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|History of Cambria County, V.2|
|HISTORY OF CAMBRIA COUNTY.||455|
The description of a painting stolen from above the altar of a Dominican church at Loches, France, and now unaccounted for in the recorded Rubens paintings, tallies very nearly with the “Madonna” in question. Shortly before Rev. Paul Glasow's death in April, 1897, Mr. Ambrose MacNeil, a Scottish artist, gave a very comprehensive opinion on the painting, which he verily believed to be a genuine Rubens. The picture is painted on six panels of wood, and portrays the Madonna seated with the Christ-child on her lap; behind her stands Joseph, who watches with intense interest the effort of the little John the Baptist to place a bunch of grapes within the hand of the sleeping babe, and with her arm around the little John, as if to support him, kneels Elizabeth. Aside from the glory which the name of Rubens would attach to it, this painting calls forth the admiration of all who see it.
The Johnstown Art League, the senior women's club of Johnstown, was organized by Miss Baker and Miss Alexander, two instructors in the English and Classical school, whose schoolhouse stood on the site of the Episcopal parsonage on Locust street.
They and eleven young ladies - pupils, graduates and friends of the school –– met one evening in the in the chess room of the Cambria Library, in February, 1884, and founded the society, which adopted for its motto, “Vive l'art.” These charter members were Mrs. Emma Baker Cabot, deceased; Miss Clara Alexander, M. D., now of Boston; Miss Columbia A. Horne, of Philadelphia; Mrs. Elizabeth Tittle Arnold, of Chicago; Mrs. Gertrude Chandler Sahlin, of Brussels, Belgium; Mrs. Mary Rachel Dibert Torrance, of Allegheny; Mrs. Lilian McConaughy Wakefield, of Uniontown; Mrs. Caroline McConaughy Farnam, of Grafton, Massachusetts; Mrs. Lillian Rosensteel Coolidge, of Philadelphia; Miss Florence M. Dibert, of Johnstown; Mrs. Jennie Hamilton Wener, Miss Nannie Elder and Miss Jane Potts, the last three of whom died May 31, 1889.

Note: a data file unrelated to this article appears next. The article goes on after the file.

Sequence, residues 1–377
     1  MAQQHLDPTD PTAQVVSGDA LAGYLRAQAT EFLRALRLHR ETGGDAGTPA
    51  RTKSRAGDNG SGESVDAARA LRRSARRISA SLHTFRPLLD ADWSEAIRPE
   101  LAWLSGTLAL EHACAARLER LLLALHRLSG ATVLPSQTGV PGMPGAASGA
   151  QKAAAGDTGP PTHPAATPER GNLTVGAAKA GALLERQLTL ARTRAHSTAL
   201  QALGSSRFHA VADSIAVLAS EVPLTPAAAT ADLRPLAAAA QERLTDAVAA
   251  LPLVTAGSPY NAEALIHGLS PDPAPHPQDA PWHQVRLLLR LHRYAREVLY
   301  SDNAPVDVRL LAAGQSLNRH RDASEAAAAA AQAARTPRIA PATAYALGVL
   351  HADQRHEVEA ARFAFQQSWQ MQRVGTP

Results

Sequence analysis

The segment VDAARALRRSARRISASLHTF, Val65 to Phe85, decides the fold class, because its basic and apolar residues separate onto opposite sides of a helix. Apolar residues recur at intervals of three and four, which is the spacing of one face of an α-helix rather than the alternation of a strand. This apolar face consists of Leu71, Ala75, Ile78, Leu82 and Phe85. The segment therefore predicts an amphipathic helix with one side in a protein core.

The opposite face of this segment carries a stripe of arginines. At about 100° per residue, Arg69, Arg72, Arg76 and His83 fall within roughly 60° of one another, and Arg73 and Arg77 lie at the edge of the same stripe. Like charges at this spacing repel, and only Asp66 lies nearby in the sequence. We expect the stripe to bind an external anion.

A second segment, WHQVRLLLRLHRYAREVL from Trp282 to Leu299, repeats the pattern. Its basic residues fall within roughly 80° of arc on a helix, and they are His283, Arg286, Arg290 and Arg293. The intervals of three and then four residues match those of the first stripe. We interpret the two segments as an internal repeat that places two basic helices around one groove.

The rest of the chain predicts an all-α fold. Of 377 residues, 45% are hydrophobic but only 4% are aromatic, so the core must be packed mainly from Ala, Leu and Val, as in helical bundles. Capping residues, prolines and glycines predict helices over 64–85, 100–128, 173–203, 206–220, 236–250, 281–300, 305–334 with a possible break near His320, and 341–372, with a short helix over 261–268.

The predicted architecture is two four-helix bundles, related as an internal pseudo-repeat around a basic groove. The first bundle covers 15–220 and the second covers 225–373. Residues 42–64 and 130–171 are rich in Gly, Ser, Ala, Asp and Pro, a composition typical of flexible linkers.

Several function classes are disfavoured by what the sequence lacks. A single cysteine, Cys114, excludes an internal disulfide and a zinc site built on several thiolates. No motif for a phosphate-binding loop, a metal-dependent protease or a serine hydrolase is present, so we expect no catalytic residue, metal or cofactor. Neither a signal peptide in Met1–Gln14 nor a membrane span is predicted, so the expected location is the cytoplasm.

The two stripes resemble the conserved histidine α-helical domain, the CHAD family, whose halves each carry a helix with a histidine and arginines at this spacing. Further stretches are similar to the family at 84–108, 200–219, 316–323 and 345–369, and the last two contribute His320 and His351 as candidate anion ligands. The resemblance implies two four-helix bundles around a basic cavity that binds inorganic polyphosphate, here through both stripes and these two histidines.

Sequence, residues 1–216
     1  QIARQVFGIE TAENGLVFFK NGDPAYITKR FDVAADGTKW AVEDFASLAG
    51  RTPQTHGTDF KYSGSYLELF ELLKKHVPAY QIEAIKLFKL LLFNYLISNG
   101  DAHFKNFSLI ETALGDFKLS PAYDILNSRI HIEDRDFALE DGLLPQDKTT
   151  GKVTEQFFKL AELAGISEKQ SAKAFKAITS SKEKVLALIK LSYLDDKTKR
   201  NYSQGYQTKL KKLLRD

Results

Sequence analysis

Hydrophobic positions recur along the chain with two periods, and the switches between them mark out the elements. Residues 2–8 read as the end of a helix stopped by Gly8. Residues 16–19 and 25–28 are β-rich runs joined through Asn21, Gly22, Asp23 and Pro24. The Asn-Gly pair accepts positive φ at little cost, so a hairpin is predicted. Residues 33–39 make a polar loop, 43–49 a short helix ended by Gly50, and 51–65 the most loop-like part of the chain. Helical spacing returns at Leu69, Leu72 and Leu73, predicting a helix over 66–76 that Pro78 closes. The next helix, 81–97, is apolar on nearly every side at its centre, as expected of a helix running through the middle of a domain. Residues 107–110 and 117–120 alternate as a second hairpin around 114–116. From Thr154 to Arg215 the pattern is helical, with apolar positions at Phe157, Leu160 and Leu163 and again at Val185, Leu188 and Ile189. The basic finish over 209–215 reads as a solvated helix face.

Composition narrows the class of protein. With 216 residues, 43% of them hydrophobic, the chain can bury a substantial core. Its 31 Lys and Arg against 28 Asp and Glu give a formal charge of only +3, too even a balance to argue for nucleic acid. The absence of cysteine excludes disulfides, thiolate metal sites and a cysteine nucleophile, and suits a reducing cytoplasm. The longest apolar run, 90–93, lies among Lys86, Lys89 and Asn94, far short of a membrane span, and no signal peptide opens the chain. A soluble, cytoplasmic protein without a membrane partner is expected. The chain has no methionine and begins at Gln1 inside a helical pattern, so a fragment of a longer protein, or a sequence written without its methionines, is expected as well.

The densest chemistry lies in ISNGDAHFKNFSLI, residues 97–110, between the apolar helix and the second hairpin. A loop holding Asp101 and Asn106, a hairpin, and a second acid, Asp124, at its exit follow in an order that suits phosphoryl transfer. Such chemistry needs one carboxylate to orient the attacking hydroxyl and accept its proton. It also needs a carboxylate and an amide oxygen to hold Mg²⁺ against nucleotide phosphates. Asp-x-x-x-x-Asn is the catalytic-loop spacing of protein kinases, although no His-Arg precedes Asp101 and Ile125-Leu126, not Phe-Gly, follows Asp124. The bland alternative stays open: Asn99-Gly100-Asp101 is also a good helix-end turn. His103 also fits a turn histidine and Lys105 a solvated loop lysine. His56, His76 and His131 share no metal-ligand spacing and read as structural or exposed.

From this propitious number of thirteen the roll has steadily increased until it now numbers forty-seven, fifty being the number to which it is limited by its constitution.
The theme for the first evening's program was “The Symbols of Art,” and the remainder of the winter was devoted to the study of Grecian mythology and Italian art. During the two decades which have followed the programs have